Educational intervention rolled out by Pentecost University for Afram Plains in the Eastern Region of Ghana has yielded enormous benefits for the beneficiary communities. The intervention in the form of teaching support and missionary work was in collaboration with the Afram Plains Area of The Church of Pentecost, the Education Directorates of the Afram Plains North and South and the District Assemblies of both Afram Plains North and South.
To this end, the University sent some of its brilliant, disciplined and people-centered students to teach in schools in the area, during the first semester vacation. The education directorates in the area in turn posted them to the schools that really needed the services of teachers. Some of the beneficiary communities and schools include Ntonaboma, Adorkope Basic, Kpatalidzakope, Mafi Abiw Kope, Zikpo Nyuinyui, Abomasarefo among others.
Before the students embarked on the mission, the Vice-Chancellor of the University, Prof. Kwabena Agyapong-Kodua, at a brief ceremony said the project aimed at supporting education in rural communities, in particular, with teaching services, and, at the same time, expose the students to rural life and realities of challenges that they are being prepared to solve. The VC added the project is also part of The Church of Pentecost’s vision to equip the Church to possess the nations for Christ. “Through this, young people are being exposed to real life missions’ activities and interventions that are required to glorify the name of Christ Jesus.” … the VC said.
Briefing the Management of the University, upon return, the students who went for the mission said they were warmly received by the leadership of The Church of Pentecost in the area as well as the education directors and the District Chief Executive (DCE) of Afram Plains North. According to them the Afram Plains North District Director of Education, Solomon Akuruko Azubila, in addressing them, commended the university for the initiative and added that it was a timely intervention for schools in the area.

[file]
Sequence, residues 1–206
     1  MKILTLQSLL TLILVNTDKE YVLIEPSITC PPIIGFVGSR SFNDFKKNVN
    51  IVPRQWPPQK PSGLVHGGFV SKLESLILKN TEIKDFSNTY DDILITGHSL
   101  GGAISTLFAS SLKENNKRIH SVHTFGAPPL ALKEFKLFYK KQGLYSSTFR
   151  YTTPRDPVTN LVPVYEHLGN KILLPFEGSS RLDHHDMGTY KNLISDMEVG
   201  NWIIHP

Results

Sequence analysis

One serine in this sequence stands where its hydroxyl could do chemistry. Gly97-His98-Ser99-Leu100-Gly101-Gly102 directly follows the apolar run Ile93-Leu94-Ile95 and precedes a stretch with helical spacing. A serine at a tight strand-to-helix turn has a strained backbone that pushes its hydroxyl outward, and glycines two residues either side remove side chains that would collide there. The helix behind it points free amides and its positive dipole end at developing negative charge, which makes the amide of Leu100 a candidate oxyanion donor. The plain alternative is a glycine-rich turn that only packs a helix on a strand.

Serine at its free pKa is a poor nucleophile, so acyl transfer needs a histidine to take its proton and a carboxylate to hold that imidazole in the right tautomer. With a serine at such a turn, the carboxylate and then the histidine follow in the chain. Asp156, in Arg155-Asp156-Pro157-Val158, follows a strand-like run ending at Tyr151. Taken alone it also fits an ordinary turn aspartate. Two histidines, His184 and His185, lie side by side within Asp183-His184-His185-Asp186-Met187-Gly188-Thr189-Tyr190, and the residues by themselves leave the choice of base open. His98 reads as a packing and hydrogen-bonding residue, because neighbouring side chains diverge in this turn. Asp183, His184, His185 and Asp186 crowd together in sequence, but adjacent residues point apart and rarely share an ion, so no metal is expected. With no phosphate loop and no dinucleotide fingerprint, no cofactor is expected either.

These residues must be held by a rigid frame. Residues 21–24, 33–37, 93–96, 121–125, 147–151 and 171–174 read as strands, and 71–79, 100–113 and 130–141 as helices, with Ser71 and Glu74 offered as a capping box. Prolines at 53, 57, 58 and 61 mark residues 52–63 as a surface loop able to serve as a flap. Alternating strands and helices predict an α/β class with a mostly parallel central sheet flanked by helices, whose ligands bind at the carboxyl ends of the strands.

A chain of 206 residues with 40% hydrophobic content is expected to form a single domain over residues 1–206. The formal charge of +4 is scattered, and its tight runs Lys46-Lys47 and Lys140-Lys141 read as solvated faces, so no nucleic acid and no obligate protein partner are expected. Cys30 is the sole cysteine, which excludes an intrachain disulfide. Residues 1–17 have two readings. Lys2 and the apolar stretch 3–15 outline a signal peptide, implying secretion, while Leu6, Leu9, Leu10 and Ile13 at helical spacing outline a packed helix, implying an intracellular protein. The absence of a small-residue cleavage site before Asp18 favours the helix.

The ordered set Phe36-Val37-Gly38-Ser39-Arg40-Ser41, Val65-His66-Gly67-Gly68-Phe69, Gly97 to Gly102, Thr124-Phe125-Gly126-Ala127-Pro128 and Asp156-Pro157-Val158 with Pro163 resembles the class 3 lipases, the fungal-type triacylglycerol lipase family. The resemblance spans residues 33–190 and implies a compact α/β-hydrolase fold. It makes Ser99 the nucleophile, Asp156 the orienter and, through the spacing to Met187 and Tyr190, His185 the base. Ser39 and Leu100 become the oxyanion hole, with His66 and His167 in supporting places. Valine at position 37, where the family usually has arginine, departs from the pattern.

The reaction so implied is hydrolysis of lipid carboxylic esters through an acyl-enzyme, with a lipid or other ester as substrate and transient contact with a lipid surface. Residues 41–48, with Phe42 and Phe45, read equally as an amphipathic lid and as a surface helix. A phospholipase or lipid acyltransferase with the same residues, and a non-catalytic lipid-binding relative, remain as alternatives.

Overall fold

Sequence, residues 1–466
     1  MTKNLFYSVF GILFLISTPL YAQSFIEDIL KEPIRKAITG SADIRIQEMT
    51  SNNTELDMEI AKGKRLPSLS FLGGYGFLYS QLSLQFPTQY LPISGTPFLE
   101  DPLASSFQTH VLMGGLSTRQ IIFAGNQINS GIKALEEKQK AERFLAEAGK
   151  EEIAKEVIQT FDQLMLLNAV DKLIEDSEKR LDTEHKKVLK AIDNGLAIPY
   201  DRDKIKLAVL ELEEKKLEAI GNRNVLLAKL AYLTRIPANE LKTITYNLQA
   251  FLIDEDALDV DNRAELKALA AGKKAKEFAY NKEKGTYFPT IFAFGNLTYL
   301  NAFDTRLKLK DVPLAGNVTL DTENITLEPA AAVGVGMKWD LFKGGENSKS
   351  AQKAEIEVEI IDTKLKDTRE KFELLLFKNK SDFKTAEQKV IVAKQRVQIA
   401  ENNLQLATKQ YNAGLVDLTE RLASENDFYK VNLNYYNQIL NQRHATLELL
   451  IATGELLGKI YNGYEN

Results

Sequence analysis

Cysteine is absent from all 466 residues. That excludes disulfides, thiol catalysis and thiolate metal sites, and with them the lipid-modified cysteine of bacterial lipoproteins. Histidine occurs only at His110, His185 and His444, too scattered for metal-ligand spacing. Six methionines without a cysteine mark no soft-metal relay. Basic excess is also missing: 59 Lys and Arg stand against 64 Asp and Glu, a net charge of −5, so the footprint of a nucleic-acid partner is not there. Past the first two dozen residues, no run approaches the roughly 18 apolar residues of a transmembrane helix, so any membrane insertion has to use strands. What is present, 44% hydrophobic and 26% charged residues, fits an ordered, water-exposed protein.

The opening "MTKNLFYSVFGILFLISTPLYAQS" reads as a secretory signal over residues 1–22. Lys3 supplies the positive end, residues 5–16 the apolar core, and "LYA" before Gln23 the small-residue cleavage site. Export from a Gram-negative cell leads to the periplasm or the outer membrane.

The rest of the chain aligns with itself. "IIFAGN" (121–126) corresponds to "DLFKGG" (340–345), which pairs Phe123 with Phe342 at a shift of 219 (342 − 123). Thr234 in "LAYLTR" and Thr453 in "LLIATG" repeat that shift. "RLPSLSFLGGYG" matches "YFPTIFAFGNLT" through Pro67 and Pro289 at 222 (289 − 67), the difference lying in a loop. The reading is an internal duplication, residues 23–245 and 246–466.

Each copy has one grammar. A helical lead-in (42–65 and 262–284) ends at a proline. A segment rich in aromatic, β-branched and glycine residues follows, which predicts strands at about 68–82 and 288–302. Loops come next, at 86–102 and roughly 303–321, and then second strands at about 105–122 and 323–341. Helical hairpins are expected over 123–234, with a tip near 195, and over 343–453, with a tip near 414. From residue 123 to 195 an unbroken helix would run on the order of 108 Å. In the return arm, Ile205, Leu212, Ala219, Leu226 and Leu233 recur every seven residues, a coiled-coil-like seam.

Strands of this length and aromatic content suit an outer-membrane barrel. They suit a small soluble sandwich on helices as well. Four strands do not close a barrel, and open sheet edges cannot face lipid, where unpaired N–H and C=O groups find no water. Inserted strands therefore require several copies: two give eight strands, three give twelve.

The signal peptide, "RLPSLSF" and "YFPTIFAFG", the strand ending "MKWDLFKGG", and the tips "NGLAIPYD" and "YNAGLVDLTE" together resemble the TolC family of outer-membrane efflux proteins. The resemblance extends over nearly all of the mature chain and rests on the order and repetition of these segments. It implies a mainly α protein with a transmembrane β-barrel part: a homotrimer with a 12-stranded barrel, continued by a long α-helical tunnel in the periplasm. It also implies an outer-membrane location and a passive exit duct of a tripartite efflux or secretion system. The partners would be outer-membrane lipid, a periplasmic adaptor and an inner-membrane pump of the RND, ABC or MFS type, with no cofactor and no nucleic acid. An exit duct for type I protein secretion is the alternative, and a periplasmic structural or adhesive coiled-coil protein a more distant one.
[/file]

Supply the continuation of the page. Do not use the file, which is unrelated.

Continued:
Apart from teaching, the students also brief the University on their missionary work, including home and schools’ outreaches. According to them, 48 people converted to Christianity within the period, out of which 12 were baptized in accordance with Pentecostal practice.
In sharing their personal experiences, the students said they were touched and humbled by the exposure. They also expressed concerns about the state of education and development in the area, and by extension other distant places in Ghana. According to James Jabon, who was posted to Amankwahkrom JHS, he is sad about the lack of teachers in the school. “It breaks my heart that the school that I went to has only 1 and I find such a situation jeopardizing the future of many of the pupil I interacted with and by extension our country.” Mr. Jabon further called on the media to extend their attention to places like that to draw attention to the plight of the people.
On her part, Abigail Adjabeng who was posted New Kyeiase R/C Primary School said she feels like going back to continue teaching. According to her, though her stay was short, she could feel that her departure created a huge vacuum in the school since they did not have teachers. She called on authorities to pay attention to education in rural communities.